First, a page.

No place for women in grassroots peace-building in Fergana Valley
In this part of Central Asia, where the borders of three countries meet, women are excluded from the vital work of peace-building.
“Peace-building is an opportunity to leave peacefully together with our neighbours. If our neighbours are peaceful, we are peaceful.” Thus spoke Bubusaliha - a resident of Kok Tash village in Kyrgyzstan’s Batken province that borders Tajikistan. “Living right at the border, conflicts and fights are unfortunately very common. They have seasonal character, and happen more often in springtime when there is shortage of water,” she adds. Bubusaliha is one of her community’s most respected women, yet she - like many other women - does not directly participate in decision-making and conflict resolution.
Cross-border conflicts in Fergana Valley, which is shared between Kyrgyzstan, Uzbekistan and Tajikistan, have been a fixture since the collapse of the Soviet Union. More than 12 border incidents and conflicts occurred in 2019 alone between residents of the border communities in Kyrgyzstan and Tajikistan, with four incidents resulting in casualties.
“Recently conflicts have continued throughout the year for various reasons. For example, there was a backlash over a road being constructed on disputed territory,” Bubusaliha reveals.
At the start of 2020, during one of many conflicts at the border between Ak-Sai village in Kyrgyzstan and Voruh village in Tajikistan, around 250 residents - mostly women and children - were evacuated. Men stayed behind to protect their land and participate in community meetings, where they discussed how to resolve the conflict.
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This is what conflict resolution looks like in the Fergana: men lead. Whether it is male representatives of the state central authorities, local authorities, members of the working groups on border issues, religious leaders, or community members, men decide on peace-building matters. Women, instead, are conspicuous by their absence at the negotiation table.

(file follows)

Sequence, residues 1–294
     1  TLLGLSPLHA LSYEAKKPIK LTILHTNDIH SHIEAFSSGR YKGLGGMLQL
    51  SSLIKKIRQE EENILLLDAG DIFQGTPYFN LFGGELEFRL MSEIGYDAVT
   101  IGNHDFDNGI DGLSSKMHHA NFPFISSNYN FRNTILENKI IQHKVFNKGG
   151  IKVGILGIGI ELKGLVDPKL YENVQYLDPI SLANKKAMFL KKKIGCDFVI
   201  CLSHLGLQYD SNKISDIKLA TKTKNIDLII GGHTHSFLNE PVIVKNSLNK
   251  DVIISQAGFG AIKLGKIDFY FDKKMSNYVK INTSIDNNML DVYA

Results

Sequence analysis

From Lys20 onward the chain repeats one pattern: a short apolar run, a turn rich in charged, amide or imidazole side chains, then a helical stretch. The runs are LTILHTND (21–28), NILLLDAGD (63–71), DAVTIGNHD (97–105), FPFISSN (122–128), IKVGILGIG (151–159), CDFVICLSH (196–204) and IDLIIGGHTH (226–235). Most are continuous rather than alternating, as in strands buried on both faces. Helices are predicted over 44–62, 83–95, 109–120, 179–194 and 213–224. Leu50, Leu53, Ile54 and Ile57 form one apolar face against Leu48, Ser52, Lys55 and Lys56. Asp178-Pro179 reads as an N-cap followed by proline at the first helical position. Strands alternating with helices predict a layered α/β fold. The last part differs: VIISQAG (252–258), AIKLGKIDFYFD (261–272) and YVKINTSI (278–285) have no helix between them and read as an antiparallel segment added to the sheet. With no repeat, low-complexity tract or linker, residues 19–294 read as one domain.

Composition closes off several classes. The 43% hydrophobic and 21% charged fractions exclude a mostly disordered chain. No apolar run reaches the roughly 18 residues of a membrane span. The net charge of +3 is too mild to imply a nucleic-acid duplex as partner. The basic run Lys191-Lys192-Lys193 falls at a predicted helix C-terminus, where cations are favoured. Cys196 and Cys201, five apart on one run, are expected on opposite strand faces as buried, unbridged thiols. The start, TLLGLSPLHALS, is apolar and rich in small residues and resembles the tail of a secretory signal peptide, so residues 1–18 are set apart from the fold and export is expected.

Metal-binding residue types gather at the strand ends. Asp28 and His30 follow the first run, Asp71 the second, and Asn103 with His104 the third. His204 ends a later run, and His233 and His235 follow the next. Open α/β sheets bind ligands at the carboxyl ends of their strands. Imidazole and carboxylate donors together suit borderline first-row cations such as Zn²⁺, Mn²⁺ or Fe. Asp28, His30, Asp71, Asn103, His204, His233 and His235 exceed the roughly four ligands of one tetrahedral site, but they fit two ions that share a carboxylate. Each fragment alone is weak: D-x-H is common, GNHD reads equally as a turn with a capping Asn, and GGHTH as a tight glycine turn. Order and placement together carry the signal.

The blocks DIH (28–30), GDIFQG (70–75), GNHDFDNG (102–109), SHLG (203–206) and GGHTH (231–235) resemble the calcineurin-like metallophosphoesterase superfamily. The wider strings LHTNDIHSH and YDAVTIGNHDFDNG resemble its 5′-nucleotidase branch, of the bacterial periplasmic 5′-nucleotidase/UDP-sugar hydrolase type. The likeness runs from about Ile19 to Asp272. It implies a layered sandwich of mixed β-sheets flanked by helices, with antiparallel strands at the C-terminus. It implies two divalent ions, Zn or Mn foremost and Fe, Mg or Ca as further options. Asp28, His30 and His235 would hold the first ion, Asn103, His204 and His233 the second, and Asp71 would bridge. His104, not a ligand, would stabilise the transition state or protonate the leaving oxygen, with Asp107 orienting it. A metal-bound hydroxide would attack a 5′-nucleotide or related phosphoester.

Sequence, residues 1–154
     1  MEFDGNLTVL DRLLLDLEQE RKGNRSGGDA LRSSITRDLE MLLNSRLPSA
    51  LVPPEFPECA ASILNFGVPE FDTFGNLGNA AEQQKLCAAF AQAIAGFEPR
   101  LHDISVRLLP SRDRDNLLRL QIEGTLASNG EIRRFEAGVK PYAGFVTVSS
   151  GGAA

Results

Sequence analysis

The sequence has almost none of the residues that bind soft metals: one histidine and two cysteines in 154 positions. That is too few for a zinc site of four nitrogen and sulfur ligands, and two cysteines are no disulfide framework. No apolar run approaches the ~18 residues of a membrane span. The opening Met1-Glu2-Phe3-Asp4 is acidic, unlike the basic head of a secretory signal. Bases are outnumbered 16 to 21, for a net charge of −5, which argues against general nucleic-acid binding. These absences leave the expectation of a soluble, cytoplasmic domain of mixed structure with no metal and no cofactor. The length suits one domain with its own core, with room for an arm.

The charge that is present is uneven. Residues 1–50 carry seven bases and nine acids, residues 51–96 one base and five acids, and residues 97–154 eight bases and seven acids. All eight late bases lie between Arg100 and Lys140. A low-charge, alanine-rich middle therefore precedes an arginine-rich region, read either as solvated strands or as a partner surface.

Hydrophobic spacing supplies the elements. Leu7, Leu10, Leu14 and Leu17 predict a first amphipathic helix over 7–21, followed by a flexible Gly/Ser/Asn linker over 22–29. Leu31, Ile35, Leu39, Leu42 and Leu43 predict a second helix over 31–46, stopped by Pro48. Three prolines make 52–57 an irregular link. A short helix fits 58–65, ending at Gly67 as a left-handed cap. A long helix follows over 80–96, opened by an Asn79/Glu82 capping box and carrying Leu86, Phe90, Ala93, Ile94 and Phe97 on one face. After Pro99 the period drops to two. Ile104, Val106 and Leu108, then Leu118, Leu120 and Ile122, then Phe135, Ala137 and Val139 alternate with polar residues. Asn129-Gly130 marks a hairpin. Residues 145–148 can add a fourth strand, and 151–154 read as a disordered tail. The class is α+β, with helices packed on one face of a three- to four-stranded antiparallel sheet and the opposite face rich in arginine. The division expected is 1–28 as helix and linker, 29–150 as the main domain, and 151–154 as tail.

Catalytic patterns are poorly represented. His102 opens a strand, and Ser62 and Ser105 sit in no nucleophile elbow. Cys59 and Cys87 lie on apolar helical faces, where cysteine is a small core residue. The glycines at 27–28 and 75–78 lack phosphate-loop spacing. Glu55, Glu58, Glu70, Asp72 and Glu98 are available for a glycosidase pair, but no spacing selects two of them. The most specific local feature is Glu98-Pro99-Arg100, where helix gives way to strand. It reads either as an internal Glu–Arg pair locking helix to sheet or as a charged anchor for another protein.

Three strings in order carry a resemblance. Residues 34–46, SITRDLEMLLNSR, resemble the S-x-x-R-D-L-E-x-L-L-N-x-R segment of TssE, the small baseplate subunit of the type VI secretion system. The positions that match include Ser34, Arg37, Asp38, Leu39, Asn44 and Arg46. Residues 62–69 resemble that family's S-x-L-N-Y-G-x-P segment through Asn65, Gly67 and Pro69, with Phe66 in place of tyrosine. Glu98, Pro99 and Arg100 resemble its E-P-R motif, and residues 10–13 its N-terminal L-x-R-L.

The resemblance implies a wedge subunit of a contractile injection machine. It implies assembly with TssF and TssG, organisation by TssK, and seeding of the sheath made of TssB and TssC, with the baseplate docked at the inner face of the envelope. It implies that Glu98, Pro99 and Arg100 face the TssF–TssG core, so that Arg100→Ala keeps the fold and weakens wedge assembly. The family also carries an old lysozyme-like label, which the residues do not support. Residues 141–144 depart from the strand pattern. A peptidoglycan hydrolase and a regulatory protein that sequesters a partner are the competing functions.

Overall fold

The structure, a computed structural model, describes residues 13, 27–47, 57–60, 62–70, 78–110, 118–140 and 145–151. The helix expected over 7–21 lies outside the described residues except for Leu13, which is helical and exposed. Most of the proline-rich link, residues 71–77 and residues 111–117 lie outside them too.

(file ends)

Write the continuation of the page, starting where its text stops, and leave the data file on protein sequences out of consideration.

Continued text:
In general, women play a limited role in preventing, managing and resolving border incidents and conflicts in Kyrgyzstan’s side of the Fergana Valley. Existing gender inequalities and unequal power relations between men and women hinder the latter’s participation in matters of peace and security. A complex set of patriarchal norms continue to assign women to the role of caregivers in the household, where men remain the key decision-makers. As a result, when it comes to recognising women’s role in peace-building, the prevalent belief is that security-related issues are traditionally men’s responsibility, excluding women’s voices from discussions and negotiations.
A UN Women survey conducted in May 2019 with 150 women living on Kyrgyzstan’s side of the border, in which the author was involved, found that only 6% of them share their advice with their husbands while 7% organise cultural and sports events to promote tolerance in their communities. Women do not see their role as engaging in peace-building: they generally wish for peace (21%), but feel their main responsibility is to raise and protect their children (19%).
“Around 100 men participated at one of the community meetings on border conflict. I wanted to participate, but my son told me to stay home, asking what I was going to do among all these men,” Bubusaliha recalls. “If I was a local council member, I would participate. In the past I ran in local elections, but nobody supported a female candidate.”
Indeed, the issue runs much deeper than simply women’s participation in peace-building. Instead, it includes their role in the country’s social, political and economic life, whether a woman decides to run for a local government post or to set up a business.